In 2002, Colorado's Front Range was suffering through a historic drought, the worst it had seen in a century. A large snowpack the following year, however, filled the reservoirs and returned life-giving water to streams like Boulder Creek, along with something else local fisherman and environmentalists weren't expecting -- "rock snot."
Rock snot, a form of algae called Didymosphenia geminata or "didymo" for short, is native to the area, according to University of Colorado at Boulder Professor Diane McKnight of the civil, environmental and architectural engineering department. But something has caused the didymo to bloom out of control in parts of the local stream system, prompting researchers like McKnight to label it a "nuisance growth."
"If there's some, that's OK," said McKnight. "But if it covers the stream bed with thick mats from side to side it becomes a problem. The didymo chokes out natural algae in the stream and destroys the habitat for insects on which the fish feed."
McKnight and her colleagues, working with the Niwot Ridge Long-Term Ecological Research Site and Boulder Creek Critical Zone Observatory projects -- both funded by the National Science Foundation -- have discovered higher flow rates in Boulder Creek appear to cause a decrease in the amount of didymo clinging to the rocks.
"When there is a high enough flow, there is some potential destabilization and the rocks move in the stream bed," said McKnight, also a fellow at CU-Boulder's Institute of Arctic and Alpine Research. "That's enough to knock it back."
The findings suggest that controlled flow releases from reservoirs during the summer could be used to limit the impact of this nuisance species in streams in the Colorado Front Range. Flows below Barker Reservoir near Nederland that are above 200 cubic feet per second -- similar to those experienced last year once the reservoir started to spill in late June -- appear to be sufficient to control the didymo.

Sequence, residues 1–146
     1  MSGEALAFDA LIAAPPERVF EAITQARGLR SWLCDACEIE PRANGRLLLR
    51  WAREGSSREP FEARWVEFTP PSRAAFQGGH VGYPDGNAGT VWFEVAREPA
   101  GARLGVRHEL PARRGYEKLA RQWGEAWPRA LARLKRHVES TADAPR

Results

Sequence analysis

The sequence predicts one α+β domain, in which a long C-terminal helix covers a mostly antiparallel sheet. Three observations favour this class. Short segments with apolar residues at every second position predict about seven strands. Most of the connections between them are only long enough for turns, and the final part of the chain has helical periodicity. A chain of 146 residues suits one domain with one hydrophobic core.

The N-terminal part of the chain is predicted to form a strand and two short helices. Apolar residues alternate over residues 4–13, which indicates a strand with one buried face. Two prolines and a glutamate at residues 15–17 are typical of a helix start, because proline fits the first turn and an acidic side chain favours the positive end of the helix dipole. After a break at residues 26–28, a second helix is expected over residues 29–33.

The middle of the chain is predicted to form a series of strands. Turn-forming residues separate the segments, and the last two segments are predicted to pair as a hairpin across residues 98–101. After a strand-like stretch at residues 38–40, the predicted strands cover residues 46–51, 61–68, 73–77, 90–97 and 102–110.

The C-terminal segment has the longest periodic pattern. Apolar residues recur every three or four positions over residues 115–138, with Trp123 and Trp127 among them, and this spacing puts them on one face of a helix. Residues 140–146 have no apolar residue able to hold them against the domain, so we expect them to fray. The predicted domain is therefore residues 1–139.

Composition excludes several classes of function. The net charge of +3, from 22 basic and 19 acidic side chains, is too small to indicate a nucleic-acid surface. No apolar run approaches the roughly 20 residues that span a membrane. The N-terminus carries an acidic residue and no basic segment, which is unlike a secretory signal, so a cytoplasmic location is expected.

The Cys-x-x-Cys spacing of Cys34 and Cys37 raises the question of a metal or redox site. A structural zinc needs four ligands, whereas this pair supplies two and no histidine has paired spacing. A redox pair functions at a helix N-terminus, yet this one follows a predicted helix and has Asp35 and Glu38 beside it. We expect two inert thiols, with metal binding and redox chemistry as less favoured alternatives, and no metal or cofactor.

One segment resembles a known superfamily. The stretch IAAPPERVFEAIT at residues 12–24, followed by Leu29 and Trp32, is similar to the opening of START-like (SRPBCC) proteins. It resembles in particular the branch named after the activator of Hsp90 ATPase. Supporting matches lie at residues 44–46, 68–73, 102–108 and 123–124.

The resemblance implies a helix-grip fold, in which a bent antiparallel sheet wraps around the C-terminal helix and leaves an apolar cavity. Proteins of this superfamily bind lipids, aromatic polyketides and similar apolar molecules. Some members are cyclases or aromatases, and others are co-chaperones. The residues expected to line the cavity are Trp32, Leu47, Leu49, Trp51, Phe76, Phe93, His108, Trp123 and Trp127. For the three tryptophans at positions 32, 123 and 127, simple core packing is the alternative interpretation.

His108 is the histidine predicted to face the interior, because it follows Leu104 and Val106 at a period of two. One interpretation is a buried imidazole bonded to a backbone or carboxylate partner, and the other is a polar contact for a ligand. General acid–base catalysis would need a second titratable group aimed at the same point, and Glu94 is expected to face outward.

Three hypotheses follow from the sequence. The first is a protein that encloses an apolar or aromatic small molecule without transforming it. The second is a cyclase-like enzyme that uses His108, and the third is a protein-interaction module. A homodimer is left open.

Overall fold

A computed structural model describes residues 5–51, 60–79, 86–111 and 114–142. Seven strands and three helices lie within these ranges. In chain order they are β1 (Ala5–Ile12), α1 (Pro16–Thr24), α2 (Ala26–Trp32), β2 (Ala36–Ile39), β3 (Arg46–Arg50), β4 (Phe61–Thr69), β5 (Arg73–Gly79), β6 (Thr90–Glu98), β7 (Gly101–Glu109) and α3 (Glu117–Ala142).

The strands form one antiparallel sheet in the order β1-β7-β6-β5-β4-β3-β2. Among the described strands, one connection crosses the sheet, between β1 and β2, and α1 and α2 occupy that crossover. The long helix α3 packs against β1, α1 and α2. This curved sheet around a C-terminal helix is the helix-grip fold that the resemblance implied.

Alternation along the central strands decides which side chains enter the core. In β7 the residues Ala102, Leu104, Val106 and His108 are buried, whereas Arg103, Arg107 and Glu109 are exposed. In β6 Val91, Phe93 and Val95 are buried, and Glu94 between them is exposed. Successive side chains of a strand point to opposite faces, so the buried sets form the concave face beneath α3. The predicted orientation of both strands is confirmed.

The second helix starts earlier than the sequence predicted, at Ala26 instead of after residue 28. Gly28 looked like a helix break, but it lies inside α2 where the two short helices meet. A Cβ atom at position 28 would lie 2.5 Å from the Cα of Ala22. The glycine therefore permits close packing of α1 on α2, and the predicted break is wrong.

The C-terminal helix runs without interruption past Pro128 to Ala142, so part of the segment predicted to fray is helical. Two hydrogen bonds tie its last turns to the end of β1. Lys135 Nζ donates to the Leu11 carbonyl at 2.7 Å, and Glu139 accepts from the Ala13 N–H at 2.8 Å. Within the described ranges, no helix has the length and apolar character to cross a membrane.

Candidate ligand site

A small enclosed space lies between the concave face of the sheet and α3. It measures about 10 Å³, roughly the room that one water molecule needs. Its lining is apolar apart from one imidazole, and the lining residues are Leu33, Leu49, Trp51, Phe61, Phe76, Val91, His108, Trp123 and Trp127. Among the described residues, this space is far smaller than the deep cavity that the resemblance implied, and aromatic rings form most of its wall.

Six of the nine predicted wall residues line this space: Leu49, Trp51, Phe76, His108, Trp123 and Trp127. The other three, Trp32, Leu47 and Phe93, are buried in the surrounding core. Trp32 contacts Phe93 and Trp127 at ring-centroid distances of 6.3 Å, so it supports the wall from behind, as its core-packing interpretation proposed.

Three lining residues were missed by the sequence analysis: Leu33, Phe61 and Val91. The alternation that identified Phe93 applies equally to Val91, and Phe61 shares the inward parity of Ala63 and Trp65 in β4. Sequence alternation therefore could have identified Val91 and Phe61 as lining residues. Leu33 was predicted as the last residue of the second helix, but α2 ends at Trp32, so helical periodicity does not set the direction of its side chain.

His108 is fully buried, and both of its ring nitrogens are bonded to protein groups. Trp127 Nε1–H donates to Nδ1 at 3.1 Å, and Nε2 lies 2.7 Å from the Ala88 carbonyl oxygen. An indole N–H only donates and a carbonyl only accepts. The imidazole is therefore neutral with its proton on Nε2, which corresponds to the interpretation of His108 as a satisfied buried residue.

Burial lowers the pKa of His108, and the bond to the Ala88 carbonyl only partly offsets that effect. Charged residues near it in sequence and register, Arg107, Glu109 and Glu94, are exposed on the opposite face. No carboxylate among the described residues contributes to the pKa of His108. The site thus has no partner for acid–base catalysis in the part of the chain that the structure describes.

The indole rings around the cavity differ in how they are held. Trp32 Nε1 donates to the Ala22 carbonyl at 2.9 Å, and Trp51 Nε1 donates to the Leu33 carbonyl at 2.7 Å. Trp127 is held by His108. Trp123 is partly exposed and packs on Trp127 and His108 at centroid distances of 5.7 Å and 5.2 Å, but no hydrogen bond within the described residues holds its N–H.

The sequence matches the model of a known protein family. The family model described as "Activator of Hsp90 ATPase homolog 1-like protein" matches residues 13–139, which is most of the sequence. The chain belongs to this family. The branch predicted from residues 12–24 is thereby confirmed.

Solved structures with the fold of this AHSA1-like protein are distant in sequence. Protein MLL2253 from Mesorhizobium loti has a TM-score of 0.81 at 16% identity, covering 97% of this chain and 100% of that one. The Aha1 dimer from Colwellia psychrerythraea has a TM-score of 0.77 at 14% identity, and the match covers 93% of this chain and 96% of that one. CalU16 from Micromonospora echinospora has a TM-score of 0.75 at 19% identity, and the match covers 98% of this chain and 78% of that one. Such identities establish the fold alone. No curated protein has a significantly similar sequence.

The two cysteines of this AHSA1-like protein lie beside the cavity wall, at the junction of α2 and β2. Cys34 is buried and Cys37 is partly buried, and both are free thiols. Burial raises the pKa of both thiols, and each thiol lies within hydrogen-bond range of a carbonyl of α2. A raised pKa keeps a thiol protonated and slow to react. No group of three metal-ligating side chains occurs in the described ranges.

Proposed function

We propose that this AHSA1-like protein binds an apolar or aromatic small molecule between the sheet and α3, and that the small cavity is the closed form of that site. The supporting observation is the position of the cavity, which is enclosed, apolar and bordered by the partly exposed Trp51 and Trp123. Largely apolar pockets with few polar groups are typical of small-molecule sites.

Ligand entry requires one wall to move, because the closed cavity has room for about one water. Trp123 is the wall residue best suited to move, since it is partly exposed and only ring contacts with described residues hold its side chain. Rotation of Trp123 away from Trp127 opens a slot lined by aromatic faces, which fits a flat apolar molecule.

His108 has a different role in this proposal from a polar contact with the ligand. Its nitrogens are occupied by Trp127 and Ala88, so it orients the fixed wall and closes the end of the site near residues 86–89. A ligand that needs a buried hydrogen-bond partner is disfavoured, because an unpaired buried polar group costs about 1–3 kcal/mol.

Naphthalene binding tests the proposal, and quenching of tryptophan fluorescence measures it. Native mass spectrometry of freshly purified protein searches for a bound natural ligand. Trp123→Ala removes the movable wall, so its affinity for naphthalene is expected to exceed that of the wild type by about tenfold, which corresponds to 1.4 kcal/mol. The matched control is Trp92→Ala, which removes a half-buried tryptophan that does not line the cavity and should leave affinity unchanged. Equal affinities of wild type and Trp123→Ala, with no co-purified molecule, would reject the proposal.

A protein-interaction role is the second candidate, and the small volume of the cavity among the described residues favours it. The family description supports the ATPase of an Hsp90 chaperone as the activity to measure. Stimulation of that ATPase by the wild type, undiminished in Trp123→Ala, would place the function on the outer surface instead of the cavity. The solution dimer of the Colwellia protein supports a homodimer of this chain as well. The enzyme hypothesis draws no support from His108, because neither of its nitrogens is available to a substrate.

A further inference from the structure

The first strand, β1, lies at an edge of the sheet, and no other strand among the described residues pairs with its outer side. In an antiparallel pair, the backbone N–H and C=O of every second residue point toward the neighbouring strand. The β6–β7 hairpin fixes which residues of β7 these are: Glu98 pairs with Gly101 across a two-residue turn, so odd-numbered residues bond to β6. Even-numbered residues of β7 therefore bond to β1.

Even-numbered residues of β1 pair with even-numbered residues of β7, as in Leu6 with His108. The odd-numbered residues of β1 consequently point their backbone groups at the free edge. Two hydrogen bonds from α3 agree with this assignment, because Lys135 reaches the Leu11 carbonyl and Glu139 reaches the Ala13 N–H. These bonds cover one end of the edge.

The team's research was published this month in Hydrobiologia, an international journal of aquatic sciences.
The first sightings of rock snot in the Rockies came in 1994, according to McKnight, but the amounts were so low they didn't raise any concerns. It wasn't until after the 2002 drought that things took a turn for the worse.
"We don't know if it was the drought that caused the explosion of didymo or if it was the man-made changes in the nature of the flow of water after the drought," said McKnight. "But this didymo growth is something that's really changing the stream ecosystems."
McKnight said the findings show there may be a way to slow the didymo before it gets out of hand as it has halfway around the world in New Zealand.
"In New Zealand it's an extreme problem," said McKnight. "It has taken over many of their streams and rivers."
Didymo is an invasive organism in New Zealand and was likely spread by visiting fishermen traveling from stream to stream. The cells of the algae can live for long periods of time without dying, clinging to the bottom of felt-soled waders worn by people while fishing.
"You have to freeze the waders for two days or soak them in bleach to kill the cells," said McKnight.
In New Zealand it is illegal to move from one stream to another without cleaning one's waders. No such regulations exist in the United States.
McKnight said James Cullis, a CU-Boulder doctoral candidate studying water resources engineering, will continue the research over the summer to develop a two-dimensional model to predict how much water flow it would take to create movement in the stream bed at given points in the creek.